No effective challenge to the rule of business can be mounted without solid grounding in precisely the sort of cultural memory that Information Capitalism, with its supersonic yuppie pan-nationalism and its worship of the instantaneous, has set itself out to destroy. Without memory we can scarcely understand our present—what strange forces in the dim past caused this agglomeration of seven million unhappy persons to be deposited here in the middle of a vast continent, clinging to the shores of this mysteriously polluted lake?—much less begin to confront the systematic depredations of the system that has made our lives so miserable. In contrast to American business’s insistent denial of pastness, Richard Hofstadter continues,
In Europe there has always existed a strong counter-tradition, both romantic and moralistic, against the ugliness of industrialism—a tradition carried on by figures as diverse as Goethe and Blake, Morris and Carlyle, Hugo and Chateaubriand, Ruskin and Scott. Such men counterposed to the machine a passion for language and locality, for antiquities and monuments, for natural beauty; they sustained a tradition of resistance to capitalist industrialism, of skepticism about the human consequences of industrial progress, of moral, esthetic, and humane revolt.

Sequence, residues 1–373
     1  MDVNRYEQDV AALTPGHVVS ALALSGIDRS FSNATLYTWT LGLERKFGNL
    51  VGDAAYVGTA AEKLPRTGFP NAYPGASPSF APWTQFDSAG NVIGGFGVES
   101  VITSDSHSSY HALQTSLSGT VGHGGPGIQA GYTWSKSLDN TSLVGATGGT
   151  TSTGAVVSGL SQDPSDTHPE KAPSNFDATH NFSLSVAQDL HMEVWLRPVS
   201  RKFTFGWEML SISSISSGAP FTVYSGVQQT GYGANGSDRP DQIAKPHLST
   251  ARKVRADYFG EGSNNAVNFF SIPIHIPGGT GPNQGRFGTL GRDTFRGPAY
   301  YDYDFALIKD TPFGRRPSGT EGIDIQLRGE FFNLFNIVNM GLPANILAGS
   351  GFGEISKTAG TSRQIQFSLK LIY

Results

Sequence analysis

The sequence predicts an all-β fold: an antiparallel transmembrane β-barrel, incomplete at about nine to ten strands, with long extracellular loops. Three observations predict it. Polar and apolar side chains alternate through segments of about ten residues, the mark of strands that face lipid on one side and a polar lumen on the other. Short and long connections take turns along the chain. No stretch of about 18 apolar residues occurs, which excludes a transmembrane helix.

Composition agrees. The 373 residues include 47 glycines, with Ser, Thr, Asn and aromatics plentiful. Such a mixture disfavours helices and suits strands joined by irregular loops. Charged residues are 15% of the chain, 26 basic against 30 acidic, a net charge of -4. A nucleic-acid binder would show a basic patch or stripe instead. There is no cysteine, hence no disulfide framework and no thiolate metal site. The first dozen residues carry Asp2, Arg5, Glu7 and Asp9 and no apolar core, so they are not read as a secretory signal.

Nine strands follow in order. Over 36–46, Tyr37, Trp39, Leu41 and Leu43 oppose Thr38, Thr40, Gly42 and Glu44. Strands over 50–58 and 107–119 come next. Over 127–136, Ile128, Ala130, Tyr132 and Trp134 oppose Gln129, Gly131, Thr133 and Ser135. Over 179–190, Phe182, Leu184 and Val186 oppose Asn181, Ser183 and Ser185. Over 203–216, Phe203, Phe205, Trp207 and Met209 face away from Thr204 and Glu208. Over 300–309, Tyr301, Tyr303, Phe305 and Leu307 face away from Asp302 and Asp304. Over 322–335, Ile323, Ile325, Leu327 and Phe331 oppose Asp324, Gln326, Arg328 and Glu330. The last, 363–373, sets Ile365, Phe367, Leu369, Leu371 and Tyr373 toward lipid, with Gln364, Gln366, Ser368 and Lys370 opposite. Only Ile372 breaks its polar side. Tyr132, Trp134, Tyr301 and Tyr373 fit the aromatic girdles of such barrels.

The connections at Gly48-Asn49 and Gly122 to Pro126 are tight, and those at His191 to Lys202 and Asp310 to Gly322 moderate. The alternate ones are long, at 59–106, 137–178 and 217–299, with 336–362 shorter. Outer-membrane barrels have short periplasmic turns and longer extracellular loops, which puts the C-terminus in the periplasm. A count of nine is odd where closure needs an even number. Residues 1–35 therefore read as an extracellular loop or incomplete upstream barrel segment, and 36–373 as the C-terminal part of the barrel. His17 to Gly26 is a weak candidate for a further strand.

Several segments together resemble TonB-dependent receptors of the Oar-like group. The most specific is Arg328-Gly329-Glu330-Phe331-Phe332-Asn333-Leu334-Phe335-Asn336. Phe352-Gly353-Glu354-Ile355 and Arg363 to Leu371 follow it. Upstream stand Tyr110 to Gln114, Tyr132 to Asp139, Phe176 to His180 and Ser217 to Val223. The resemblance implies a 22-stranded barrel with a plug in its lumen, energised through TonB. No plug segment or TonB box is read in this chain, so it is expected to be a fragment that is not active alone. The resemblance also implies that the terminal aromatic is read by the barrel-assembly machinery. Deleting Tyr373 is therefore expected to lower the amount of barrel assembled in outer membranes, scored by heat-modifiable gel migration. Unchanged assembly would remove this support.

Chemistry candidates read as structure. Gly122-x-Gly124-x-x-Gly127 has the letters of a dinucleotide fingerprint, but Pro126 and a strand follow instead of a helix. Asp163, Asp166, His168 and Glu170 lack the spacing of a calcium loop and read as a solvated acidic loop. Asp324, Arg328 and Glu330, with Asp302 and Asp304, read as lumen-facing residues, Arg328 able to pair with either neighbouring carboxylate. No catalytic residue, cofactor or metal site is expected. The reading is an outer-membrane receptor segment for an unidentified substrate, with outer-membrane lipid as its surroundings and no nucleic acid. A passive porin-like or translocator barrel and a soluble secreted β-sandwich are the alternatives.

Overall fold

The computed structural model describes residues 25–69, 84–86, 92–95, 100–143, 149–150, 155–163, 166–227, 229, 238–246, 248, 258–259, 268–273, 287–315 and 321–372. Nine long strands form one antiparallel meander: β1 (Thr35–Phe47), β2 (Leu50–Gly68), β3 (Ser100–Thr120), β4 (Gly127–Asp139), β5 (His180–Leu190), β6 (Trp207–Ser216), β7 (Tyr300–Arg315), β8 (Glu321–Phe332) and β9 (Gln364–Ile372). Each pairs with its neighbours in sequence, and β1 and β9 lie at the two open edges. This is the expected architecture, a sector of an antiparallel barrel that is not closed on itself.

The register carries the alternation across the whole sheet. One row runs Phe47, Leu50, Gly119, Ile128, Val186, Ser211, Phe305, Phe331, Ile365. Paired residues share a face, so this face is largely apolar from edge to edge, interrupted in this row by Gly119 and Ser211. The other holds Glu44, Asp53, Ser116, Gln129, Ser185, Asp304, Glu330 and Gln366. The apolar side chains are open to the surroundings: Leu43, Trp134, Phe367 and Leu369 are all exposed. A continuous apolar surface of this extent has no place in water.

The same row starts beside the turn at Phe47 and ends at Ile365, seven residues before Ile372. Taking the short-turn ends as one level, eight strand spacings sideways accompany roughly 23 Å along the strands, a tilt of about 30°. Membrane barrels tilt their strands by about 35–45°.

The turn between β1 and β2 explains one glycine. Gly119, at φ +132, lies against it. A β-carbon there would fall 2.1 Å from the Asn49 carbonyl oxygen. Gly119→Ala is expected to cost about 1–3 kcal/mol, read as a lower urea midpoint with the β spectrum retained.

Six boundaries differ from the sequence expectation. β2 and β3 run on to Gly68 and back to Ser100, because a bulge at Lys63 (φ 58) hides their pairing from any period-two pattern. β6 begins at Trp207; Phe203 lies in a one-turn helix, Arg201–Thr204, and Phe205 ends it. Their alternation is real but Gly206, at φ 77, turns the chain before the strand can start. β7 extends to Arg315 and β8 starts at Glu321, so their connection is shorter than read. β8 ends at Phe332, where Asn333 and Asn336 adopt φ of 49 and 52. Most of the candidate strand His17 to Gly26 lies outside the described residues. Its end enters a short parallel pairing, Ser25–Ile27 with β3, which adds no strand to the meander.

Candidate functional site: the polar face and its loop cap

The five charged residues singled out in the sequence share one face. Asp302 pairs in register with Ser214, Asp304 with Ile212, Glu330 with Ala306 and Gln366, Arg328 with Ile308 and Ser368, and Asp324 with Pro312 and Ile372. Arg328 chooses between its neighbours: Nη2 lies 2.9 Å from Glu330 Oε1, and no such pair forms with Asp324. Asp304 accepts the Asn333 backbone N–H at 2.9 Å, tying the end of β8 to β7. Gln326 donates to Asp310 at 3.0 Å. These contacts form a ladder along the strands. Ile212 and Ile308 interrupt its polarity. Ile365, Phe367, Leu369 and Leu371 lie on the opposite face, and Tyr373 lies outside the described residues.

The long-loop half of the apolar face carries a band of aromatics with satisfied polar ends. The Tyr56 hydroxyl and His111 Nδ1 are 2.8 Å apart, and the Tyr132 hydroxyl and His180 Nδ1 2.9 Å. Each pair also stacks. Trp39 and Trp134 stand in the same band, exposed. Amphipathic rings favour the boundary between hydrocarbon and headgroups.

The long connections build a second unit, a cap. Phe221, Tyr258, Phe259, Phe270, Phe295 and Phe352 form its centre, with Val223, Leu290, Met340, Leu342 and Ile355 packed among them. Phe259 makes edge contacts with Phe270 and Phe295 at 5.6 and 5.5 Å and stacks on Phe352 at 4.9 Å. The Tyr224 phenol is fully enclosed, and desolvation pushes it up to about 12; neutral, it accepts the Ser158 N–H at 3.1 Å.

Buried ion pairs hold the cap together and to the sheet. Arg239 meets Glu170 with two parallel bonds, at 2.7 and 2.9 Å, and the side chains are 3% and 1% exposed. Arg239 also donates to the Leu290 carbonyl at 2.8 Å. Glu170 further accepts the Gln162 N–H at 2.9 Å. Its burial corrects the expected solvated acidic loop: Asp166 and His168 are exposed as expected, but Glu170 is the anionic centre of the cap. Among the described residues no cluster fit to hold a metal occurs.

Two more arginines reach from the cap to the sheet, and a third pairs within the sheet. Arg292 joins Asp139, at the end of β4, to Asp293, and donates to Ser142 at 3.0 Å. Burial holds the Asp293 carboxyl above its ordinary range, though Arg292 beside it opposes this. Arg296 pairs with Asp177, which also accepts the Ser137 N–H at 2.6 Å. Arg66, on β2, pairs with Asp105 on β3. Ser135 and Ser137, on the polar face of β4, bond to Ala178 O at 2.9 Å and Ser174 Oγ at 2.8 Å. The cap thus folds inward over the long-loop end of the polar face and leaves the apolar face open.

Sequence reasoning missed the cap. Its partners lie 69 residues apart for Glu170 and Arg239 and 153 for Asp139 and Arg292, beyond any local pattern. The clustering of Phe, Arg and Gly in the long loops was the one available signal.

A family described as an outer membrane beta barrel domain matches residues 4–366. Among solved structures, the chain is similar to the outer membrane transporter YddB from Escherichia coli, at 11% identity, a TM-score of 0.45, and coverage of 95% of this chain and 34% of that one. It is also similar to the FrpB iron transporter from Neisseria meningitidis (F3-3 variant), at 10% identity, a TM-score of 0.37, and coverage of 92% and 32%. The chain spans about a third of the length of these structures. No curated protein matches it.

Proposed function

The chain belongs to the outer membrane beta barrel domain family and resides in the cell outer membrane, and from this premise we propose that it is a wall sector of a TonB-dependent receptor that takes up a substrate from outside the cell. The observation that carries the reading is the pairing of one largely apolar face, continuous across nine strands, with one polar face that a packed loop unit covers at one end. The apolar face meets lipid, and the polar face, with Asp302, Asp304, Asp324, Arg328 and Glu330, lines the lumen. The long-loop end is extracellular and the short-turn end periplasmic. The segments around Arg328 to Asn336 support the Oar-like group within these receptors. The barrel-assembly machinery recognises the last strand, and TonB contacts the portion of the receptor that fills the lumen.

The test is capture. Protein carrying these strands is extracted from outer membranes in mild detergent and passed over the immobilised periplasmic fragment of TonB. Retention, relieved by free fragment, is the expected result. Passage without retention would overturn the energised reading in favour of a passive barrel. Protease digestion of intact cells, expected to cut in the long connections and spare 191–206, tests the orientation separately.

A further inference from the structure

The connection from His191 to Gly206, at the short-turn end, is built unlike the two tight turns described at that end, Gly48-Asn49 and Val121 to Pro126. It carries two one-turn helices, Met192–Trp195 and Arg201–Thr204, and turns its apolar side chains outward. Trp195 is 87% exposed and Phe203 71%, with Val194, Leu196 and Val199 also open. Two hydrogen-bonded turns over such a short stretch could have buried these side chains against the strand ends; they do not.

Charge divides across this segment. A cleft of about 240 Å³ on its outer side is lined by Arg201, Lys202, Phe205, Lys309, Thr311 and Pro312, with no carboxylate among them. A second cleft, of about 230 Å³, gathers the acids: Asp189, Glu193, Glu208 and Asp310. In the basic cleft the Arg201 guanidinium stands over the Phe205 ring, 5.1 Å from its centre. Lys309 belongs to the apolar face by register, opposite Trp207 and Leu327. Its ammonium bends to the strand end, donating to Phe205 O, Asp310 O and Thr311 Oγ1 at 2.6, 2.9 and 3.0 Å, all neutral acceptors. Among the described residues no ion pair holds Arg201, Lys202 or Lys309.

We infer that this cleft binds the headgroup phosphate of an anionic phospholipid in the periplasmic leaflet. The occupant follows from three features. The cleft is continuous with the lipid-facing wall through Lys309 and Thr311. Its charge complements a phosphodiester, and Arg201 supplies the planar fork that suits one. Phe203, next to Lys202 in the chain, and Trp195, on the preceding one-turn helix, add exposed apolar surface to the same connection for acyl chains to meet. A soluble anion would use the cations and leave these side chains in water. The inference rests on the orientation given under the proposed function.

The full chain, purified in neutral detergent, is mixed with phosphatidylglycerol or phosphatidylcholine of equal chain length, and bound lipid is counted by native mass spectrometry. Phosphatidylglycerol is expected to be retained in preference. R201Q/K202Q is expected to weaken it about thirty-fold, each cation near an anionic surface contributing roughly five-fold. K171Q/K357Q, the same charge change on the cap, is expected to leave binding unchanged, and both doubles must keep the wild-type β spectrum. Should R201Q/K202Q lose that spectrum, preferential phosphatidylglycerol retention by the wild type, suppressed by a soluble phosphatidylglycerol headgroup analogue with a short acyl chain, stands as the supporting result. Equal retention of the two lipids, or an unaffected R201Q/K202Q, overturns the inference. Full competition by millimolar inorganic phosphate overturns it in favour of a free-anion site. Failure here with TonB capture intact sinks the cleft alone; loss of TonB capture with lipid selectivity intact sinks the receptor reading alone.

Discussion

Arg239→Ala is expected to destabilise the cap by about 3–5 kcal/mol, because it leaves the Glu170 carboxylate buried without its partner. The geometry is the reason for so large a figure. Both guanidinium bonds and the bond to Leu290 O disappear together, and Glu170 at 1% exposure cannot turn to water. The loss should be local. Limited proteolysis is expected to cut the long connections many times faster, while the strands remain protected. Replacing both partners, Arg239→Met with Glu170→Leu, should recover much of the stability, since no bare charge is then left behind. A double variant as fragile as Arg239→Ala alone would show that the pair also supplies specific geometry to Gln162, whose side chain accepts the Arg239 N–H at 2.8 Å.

Without an understanding of particularity, of the economic constructedness of our lives, this kind of critical consciousness becomes impossible. All we can know is our own individual discomfort, our vague hankering for something else—an ‘else’ that can be easily defined away as a different product choice, a new lifestyle, a can of Sprite anti-soda, or a little rule-breaking at Burger King.